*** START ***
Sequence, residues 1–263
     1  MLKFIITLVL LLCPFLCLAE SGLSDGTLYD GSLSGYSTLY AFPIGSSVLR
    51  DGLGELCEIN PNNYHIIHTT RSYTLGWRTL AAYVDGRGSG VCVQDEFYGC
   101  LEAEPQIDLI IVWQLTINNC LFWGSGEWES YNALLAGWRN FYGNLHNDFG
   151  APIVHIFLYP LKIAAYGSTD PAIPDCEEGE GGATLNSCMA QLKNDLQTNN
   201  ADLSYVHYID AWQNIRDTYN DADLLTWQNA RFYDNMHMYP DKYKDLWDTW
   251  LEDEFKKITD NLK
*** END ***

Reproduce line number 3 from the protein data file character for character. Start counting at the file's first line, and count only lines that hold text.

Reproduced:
    51  DGLGELCEIN PNNYHIIHTT RSYTLGWRTL AAYVDGRGSG VCVQDEFYGC